The issue at hand is not a First Amendment issue, it is a character issue. The public is quite rightly outraged at Limbaugh, and so should his employers and advertisers be. The excuse that he is an ‘entertainer’ is not an excuse for doing evil. Not for Limbaugh, not for anyone.

  7. Limbaugh is still on the air. His sponsors are returning and new ones are coming aboard. The matter is settling down. The liberals lose.
    Rush will still command top ratings and revenues. His stations will prosper. Miss Fluke will still sleep around on her own dime and the world goes on. What a great country!

  8. “The public” is not outraged at Limbaugh — a few hundred thousand liberals who never listened to him anyway are again trying to silence him because he gleefully mocks their sacred cows and reveals their hypocrisy.

    This is nothing they haven’t tried and failed at before, and it has zero to do with Sandra Fluke. They simply smell blood in the water and see this as their best opportunity in years to unseat the conservative talk radio king, so suddenly they’re feigning outrage over a couple of words that they wouldn’t blink at if they heard them coming from the mouth of an MSNBC host.

    Ms. Fluke is hardly the girl next door — she’s a longtime liberal campus activist who was hand-picked to be the left’s next Anita Hill. And by “testifying” before Nancy Pelosi and appearing on a parade of national news programs, not to mention The View, she has made herself a limited public figure and can no longer hide behind the cloak of private citizen. Thus, Limbaugh has as much right to criticize her on the air as she does to criticize him.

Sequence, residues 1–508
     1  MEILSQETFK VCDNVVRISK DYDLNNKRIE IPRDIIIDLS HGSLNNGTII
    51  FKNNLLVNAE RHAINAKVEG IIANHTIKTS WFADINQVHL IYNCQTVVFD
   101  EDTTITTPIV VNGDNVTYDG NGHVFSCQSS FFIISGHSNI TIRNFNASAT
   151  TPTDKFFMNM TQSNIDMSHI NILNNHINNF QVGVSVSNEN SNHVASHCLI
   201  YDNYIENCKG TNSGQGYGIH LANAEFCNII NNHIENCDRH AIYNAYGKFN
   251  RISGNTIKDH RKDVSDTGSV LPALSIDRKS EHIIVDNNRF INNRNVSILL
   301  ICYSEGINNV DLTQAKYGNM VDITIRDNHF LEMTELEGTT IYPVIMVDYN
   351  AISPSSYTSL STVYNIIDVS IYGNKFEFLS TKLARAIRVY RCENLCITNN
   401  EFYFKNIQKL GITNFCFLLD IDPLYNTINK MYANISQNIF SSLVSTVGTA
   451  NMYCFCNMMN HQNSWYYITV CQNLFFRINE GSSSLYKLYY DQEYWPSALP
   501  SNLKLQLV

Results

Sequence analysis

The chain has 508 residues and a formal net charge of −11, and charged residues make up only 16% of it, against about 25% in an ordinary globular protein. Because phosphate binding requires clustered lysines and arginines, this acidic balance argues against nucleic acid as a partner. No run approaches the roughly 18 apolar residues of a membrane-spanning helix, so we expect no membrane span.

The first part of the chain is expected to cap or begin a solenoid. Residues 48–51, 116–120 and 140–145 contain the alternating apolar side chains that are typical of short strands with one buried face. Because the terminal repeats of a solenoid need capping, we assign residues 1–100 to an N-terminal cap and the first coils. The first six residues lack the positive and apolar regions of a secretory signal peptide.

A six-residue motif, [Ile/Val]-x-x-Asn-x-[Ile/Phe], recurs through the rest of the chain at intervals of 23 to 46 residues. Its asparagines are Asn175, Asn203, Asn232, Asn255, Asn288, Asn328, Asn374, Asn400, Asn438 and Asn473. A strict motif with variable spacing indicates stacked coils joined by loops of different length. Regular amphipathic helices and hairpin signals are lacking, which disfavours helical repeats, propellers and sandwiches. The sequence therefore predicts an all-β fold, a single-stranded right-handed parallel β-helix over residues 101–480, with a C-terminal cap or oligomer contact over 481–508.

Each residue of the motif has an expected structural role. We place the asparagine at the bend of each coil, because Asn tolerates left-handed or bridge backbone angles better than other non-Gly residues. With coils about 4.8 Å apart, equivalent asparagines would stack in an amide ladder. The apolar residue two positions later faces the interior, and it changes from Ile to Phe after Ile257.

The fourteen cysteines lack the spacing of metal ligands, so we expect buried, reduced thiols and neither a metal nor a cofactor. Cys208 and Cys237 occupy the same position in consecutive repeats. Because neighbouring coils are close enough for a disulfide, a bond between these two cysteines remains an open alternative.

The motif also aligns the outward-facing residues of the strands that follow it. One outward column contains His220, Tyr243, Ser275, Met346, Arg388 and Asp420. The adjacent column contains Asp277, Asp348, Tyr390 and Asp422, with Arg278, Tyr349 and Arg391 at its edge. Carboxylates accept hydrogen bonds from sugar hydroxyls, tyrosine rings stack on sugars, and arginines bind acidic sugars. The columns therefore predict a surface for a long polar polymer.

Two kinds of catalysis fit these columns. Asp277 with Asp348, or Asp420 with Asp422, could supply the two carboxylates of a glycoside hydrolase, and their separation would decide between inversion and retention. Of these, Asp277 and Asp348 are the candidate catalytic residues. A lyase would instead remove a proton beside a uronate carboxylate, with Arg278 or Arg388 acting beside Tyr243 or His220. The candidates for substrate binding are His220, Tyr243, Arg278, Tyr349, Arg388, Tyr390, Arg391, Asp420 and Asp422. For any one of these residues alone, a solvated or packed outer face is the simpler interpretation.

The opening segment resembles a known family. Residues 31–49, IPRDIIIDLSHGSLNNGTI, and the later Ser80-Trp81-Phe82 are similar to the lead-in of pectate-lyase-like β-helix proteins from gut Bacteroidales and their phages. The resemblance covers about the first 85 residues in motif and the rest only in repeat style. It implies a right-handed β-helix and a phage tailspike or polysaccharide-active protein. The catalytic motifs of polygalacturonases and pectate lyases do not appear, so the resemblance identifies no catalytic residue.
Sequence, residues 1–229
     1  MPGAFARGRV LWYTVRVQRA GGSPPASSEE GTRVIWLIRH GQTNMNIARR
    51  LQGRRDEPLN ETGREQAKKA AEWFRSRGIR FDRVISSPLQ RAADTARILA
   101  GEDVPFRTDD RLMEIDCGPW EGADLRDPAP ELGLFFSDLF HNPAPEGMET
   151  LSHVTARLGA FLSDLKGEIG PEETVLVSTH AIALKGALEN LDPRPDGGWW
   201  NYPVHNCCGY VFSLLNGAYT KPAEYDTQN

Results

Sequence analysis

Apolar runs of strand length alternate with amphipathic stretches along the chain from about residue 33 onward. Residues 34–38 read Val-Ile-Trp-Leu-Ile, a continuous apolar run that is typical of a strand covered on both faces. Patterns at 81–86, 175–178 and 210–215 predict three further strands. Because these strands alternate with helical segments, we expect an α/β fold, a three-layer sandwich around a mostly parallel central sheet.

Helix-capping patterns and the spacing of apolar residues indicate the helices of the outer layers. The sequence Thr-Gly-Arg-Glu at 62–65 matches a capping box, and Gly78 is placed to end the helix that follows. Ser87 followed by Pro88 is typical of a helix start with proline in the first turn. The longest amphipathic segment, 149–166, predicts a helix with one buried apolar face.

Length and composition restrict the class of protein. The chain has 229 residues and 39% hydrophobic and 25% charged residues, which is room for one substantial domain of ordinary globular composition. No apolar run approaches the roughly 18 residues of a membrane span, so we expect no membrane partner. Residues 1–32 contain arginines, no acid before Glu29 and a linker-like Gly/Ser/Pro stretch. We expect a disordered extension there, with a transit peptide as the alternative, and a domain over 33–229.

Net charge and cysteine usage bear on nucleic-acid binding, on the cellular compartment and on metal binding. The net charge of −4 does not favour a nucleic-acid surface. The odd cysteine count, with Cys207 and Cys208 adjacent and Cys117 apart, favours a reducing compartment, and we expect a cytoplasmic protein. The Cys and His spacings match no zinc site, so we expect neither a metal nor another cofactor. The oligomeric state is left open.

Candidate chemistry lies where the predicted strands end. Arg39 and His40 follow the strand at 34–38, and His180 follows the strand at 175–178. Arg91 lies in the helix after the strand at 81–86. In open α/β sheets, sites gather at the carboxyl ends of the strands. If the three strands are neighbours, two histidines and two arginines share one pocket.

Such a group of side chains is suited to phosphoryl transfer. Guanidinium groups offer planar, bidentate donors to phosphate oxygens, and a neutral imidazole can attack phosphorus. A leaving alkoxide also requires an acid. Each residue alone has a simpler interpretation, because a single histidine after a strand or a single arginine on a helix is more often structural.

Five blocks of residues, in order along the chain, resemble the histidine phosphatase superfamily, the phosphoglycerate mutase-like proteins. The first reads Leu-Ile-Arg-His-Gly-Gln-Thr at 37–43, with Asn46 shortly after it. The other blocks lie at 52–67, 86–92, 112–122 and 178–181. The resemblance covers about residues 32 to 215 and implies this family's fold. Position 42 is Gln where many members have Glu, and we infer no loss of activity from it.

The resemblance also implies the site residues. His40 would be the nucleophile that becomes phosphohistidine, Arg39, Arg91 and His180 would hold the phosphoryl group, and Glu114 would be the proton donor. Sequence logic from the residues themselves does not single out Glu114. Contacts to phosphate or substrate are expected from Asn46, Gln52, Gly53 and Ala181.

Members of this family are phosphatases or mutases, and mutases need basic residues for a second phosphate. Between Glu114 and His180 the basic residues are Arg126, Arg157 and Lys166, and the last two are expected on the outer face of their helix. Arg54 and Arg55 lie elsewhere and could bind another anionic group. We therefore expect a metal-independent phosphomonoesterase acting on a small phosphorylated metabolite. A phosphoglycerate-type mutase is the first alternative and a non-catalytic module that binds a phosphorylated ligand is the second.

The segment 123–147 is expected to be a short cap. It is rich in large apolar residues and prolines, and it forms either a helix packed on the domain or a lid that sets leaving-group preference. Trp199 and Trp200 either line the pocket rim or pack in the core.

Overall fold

Don’t agree with me? Doesn’t matter. As talk show host Jim Rome likes to say: “SCOREBOARD.”

    And the score is this: Limbaugh is still on the air, addressing his 15 million listeners … the Sandra Fluke issue is as stale as last week’s donuts … and the left has again failed laughably in its attempt to take down Gulliver with its pea shooters.

  9. Mike Huckabee is a fine man and I’m sure his radio show will have it’s following, but for radio execs to think that Huckabee’s approach could ever match Limbaugh’s power, influence and uniqueness is insanity.
    The left is hoping for a Limbaugh to Huckabee exodus.
    Be serious. Are viewers..and advertisers…. clamoring for Mike’s weekend Fox TV show?

  10. Well said MR O!!!

    Here’s my take on another post:

    Really???

    Rush has over 20 MILLION FREE over the air listeners! Why would anyone kook want to silence a cume audience as large as this.

    Oh, yeah, the anti-FREE SPEECH Demo, er Commi-crats. Don’t get me wrong, I am not a Republican! I am an artist who creates commercials for successful business who use shows like Rush to sell products. These clients’ spots are A-political (that means no politics).

    As an advertiser, clients want their products and services to reach large audiences.

    Would FOX-TV send “American Idol” to HBO just so their judges and contestants can rant more F-bombs or wear see through clothing? Hell NO!

    Broadcasters and advertisers need to stay strong to protect FREE speech within context of topic on hand.

    Until NBC news, HBO and Comedy Central comedians are policed for saying “entertaining” jokes, double entredres, innuendos etc, then there is NO argument against Rush.

    Why? Because just like Howard Stern, Bill Mahr, Jay Leno and a long list of others, Rush is an “ENTERTAINER” not a politician, teacher or preacher for that matter.

    If we, the people, allow more censorship on FREE broadcast Radio and TV, then we’ll have a Soviet-style 1984-Utopia version of CRAP for entertainment.

    Shut off the boycotts and get a life already.

Comments are closed.